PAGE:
Located at the site in Charleston now known as Fort Hill, Fort Scammon was constructed in 1863 to guard the juncture between the Kanawha and Elk rivers. Used for heavy gun emplacements, the Fort location controlled an easily-accessible tributary of the Ohio River as well as the surrounding countryside.


  • The marker sign at the site of Fort Scammon
    The marker sign at the site of Fort Scammon


Fort Scammon began its life as a hastily-constructed set of gun emplacements for the purpose of firing on the city of Charleston. Confederate forces used the area at the top of the hill to place artillery which commanded the surrounding countryside, most notably the city itself and the juncture of the Elk and Kanawha rivers.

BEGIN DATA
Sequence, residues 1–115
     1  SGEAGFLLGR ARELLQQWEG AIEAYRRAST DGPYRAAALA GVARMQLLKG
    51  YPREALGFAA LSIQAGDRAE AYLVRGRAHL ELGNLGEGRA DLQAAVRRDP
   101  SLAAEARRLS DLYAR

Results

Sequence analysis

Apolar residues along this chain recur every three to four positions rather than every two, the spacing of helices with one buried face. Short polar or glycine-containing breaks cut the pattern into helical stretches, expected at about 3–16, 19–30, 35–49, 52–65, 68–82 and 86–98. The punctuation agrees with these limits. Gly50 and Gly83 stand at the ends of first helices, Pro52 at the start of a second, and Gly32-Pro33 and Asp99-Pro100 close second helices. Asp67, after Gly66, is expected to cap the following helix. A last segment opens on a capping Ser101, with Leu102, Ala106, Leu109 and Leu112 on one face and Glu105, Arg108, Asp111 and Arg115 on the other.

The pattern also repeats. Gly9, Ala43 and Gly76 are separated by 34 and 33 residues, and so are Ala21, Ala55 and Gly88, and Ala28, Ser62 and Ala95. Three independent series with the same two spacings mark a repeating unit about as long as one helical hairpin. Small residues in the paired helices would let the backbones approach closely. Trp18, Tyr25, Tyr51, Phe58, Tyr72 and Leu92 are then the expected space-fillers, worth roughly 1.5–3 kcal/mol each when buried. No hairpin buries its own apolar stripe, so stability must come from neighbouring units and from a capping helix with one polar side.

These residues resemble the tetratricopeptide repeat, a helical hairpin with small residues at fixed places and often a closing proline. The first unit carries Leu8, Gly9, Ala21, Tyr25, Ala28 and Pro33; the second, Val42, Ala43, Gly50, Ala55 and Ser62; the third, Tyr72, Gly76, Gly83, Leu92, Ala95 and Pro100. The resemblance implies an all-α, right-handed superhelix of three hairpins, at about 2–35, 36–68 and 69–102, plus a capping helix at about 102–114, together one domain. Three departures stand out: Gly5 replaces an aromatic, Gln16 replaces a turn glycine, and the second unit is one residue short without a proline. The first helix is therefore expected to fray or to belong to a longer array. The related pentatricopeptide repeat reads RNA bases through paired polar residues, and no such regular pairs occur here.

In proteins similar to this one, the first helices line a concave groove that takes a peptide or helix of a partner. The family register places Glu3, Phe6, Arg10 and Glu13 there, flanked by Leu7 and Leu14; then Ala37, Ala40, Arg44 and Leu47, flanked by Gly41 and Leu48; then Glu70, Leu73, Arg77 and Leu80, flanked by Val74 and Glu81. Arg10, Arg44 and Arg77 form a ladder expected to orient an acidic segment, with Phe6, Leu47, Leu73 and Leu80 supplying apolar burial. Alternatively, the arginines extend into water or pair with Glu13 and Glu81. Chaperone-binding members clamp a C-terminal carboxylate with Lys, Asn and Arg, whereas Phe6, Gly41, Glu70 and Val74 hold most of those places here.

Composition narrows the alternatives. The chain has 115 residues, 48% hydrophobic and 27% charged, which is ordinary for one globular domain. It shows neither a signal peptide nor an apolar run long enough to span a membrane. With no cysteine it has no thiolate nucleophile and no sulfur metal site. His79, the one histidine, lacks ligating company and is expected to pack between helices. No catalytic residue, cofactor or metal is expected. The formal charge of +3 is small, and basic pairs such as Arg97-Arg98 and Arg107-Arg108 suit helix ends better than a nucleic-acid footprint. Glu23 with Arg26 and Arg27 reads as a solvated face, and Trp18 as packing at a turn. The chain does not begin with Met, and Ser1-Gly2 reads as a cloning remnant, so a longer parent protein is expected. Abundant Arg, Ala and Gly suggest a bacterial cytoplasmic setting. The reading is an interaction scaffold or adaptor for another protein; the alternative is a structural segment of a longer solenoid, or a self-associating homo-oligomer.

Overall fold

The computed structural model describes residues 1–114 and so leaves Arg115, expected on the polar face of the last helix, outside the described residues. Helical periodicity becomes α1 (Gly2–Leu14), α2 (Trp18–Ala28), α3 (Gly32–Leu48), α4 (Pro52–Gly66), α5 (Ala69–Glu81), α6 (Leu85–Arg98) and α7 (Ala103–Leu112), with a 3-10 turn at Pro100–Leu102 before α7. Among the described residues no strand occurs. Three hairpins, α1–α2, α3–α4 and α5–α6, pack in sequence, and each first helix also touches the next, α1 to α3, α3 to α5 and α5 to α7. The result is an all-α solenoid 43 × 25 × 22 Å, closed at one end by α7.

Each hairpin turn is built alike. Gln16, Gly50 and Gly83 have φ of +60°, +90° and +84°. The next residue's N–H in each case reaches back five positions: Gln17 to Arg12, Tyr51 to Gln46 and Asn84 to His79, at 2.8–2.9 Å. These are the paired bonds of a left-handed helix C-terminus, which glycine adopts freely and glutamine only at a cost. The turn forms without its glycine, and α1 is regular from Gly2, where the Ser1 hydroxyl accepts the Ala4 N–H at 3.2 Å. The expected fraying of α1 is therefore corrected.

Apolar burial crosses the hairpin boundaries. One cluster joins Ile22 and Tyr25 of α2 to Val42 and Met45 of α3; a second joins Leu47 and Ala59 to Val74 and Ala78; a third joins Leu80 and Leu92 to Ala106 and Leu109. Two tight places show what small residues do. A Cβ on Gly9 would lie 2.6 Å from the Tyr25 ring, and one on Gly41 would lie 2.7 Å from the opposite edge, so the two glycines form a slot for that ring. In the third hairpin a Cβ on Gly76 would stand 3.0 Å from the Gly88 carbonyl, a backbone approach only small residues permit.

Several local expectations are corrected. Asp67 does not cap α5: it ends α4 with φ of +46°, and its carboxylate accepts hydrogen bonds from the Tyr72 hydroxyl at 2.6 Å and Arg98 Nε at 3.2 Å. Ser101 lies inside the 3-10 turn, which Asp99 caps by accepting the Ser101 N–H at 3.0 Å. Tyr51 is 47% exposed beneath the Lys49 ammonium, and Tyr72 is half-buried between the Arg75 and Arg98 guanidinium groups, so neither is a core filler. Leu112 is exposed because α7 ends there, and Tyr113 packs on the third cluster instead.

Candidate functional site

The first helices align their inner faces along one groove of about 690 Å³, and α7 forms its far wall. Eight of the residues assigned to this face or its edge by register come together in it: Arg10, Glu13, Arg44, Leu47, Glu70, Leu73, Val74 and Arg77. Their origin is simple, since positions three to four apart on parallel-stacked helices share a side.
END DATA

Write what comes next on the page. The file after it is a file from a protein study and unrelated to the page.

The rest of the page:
The hastily-constructed battery was used by Confederate forces until its capture in 1863, at which point Union forces fortified the area more heavily and converted it into a command post. This is also when the Fort was named for respected Union General E.P. Scammon, who operated in the area until his capture by Confederate forces in 1864. Scammon was later released in exchange for Confederate POWs.

The Fort was abandoned at the end of the Civil War and reclaimed by the surrounding vegetation in the intervening decades.